Why do we move our persistent state into a database, rather than letting each of our backend components manage their state in separate files?
Because it makes it much easier to query, debug and serialize our overall application state.
Redux was inspired by a language called Elm, which also promotes the use of a single model. Elm's creator has a further justification on why that's an important quality for applications.
There is a single source of truth. Traditional approaches force you to write a decent amount of custom and error prone code to synchronize state between many different stateful components. (The state of this widget needs to be synced with the application state, which needs to be synced with some other widget, etc.) By placing all of your state in one location, you eliminate an entire class of bugs in which two components get into inconsistent states. We also think you will end up writing much less code. That has been our observation in Elm so far.
I found this concept much easier to learn and understand whilst tackling it from ClojureScript's Re-frame and watching David Nolen's videos on Om Next. The Re-frame README for the project is also a great learning resource.
Here are some of my personal takeaways for why global state is a more elegant solution.
A common scenario that arises in many stateful component based applications, is a need to modify state that lives in another component.
For example, clicking on an edit button in a
NameTag component should open an editor which allows the user to modify some data which lives in the state of a
Profile component (a parent of
NameTag). The way to solve this problem is to pass down handler callbacks, which then propagate the data back up the component tree. This pattern results in confusing sub-data flows within the existing one way data flow of React applications.
With a global state, components just dispatch actions which trigger updates to that state. Both components and actions can be parameterized to send contextual information back to the user (e.g. what's the id of the user whose name should I am editing).
You don't have to think much about how you're going to communicate changes to the state, because you know exactly where the state is, and actions are the predefined mechanism for sending those changes there.
When your application state lives in a single location, the components that render it can be pure functions that take state as an argument. They just look at the data, and return a view that can dispatch actions to make updates.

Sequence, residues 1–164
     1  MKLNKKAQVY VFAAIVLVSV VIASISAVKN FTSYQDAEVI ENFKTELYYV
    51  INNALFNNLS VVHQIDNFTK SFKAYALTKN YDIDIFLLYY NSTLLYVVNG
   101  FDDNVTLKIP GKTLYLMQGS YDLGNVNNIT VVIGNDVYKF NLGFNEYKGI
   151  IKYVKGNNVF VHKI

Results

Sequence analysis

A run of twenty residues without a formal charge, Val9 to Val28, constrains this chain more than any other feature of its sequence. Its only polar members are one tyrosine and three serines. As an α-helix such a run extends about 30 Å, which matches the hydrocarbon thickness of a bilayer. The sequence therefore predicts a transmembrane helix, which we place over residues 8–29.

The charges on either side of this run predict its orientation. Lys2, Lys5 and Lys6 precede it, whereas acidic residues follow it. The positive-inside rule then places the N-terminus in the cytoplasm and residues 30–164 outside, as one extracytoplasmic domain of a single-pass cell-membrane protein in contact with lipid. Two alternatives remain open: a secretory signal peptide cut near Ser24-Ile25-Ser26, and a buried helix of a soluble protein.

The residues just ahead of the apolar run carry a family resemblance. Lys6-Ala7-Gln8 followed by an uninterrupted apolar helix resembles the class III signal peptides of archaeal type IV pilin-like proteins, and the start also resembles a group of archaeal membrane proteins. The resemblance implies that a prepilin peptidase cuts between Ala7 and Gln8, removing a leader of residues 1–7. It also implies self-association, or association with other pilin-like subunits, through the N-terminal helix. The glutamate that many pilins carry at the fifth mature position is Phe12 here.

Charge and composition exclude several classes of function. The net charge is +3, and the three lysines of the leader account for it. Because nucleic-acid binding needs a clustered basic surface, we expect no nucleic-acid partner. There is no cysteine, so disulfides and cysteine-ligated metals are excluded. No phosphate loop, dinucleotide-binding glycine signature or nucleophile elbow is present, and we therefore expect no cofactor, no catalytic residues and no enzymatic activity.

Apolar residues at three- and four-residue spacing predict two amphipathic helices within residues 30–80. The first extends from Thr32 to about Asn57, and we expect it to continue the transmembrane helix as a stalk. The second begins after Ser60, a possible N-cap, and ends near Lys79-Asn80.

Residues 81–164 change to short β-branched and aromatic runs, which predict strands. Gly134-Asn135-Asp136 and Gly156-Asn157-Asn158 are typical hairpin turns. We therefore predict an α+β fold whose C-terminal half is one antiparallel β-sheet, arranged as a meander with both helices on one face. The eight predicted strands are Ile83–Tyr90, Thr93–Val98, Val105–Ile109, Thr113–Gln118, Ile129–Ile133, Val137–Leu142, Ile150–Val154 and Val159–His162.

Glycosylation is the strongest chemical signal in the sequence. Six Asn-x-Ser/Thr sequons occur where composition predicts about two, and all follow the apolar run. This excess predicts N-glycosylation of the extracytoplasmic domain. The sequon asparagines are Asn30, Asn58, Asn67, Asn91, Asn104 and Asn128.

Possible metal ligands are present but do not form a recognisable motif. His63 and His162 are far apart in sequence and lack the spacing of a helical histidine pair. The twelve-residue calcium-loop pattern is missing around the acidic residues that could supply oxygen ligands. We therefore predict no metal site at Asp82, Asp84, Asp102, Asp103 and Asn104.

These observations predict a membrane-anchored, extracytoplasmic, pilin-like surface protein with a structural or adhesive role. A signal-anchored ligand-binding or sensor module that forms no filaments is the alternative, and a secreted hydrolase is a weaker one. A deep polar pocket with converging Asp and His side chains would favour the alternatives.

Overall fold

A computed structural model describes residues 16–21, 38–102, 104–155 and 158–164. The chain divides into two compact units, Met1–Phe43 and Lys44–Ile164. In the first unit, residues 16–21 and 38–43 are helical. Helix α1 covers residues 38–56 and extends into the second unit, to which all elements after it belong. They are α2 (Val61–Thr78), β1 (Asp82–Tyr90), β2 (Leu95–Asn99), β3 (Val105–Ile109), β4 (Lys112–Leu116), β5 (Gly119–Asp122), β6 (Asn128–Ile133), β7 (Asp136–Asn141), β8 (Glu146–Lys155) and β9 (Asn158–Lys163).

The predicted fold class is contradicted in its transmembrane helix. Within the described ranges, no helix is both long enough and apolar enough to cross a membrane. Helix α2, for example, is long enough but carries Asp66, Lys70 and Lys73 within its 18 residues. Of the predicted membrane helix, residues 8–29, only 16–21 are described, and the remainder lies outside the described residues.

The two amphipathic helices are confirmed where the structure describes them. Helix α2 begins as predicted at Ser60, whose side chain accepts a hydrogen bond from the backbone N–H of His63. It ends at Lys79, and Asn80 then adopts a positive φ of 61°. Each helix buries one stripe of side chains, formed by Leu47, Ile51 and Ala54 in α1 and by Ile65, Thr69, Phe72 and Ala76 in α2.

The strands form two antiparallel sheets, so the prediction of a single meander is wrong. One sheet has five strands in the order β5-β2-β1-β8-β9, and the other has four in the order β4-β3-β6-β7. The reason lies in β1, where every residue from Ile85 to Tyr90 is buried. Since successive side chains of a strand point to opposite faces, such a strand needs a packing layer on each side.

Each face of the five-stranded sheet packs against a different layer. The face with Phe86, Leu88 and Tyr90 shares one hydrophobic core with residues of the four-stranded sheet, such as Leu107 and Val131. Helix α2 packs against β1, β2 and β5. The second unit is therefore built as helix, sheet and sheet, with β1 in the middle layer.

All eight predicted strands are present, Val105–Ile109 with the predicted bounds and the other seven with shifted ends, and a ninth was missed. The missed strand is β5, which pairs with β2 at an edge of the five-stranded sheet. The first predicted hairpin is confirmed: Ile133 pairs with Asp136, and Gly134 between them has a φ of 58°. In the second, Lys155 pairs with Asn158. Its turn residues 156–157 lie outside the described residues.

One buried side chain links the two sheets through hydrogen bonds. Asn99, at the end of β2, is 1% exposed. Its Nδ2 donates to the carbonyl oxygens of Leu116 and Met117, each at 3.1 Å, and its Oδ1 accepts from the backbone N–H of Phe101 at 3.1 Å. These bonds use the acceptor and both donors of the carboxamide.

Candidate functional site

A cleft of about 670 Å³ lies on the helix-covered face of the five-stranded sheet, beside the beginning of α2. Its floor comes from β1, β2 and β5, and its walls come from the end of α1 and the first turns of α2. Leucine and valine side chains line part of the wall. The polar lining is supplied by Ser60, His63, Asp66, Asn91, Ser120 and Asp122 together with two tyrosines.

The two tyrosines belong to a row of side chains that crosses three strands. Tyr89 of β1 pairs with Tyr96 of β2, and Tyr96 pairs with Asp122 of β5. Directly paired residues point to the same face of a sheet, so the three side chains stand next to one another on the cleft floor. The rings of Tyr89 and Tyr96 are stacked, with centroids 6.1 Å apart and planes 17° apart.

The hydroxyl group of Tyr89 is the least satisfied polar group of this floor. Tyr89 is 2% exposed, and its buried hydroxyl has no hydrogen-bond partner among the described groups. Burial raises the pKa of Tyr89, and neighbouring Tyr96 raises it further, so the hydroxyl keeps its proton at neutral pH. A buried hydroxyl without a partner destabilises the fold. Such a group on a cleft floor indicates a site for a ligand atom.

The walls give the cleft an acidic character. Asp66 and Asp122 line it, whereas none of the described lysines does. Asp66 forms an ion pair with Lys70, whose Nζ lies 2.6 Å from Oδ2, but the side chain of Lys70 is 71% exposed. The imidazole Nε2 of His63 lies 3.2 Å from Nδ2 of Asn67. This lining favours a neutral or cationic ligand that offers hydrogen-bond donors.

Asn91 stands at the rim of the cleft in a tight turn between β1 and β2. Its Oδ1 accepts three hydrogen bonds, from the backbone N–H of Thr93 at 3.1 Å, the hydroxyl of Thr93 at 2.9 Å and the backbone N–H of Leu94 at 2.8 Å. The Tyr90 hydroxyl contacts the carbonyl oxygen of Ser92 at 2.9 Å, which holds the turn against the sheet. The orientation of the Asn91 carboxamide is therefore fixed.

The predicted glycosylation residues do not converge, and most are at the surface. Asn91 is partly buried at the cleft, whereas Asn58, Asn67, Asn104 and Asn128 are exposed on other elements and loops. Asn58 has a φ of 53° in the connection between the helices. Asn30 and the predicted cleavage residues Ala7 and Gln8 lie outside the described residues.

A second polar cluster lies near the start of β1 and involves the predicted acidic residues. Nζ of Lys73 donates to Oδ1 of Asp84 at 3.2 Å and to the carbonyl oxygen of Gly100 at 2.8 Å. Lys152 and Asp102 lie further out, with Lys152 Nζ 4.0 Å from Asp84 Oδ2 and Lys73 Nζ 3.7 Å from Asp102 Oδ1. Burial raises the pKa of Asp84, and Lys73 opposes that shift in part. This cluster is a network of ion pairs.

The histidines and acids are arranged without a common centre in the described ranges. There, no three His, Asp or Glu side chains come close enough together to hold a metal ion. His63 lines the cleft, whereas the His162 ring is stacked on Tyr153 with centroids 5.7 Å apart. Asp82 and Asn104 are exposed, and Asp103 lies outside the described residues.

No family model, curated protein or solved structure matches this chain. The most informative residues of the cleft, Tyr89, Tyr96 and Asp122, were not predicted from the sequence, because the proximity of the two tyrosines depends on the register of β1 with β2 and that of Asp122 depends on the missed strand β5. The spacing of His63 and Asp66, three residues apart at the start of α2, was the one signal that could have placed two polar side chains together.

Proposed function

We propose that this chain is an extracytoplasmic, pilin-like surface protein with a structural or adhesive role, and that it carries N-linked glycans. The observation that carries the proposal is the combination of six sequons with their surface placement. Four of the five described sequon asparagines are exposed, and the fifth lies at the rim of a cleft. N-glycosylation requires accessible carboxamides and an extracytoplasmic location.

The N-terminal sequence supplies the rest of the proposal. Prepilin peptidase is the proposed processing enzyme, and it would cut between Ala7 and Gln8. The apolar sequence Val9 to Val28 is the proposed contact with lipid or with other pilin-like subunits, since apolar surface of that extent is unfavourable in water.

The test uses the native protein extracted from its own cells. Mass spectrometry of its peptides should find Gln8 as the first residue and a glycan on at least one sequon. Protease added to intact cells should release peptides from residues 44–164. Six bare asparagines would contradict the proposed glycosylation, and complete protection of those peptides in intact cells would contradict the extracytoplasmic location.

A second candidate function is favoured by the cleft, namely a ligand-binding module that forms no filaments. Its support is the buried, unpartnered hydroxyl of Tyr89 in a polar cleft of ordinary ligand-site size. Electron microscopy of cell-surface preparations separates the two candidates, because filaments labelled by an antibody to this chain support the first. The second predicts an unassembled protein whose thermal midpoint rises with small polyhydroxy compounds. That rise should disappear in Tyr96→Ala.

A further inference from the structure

These functions are referentially transparent, meaning that for any given set of inputs, there is always the exact same output. This is ideal for testing and you end up with components that are straightforward to test.
In a traditional React application with stateful components, serializing the entire application state would be a nightmare. It would involve traversing the entire component tree and extracting the state value from each component, before collecting them all in a data structure and encoding it.
Re-inflating the components with a serialized state would mean a similar procedure, except you'd also have to figure out which types of components were responsible for which data, so that you could accurately recreate the component tree. This would also mean storing additional info about the component types in your state.
With global state, you can simply encode and decode it exactly where it is.
To implement undo/redo with global state, you need to store states in a list, rather than replacing the last one when it updates. An index pointer can control the current state you are at.
With stateful components, this would require each component to implement this mechanism. Not only is this a lot of extra work, but it also creates another point in your application for bugs to be introduced. The best code is no code, as they say.
In Redux (and the Flux pattern in general) we can keep track of the actions that have been played, then play them back in another context to produce exactly the same state.
If you introduce component local state, then you can say goodbye to this. Updates to local state can come from DOM event handlers, network requests, asynchronous operations (and much more). These operations can't be serialized, meaning that they can't be played back either.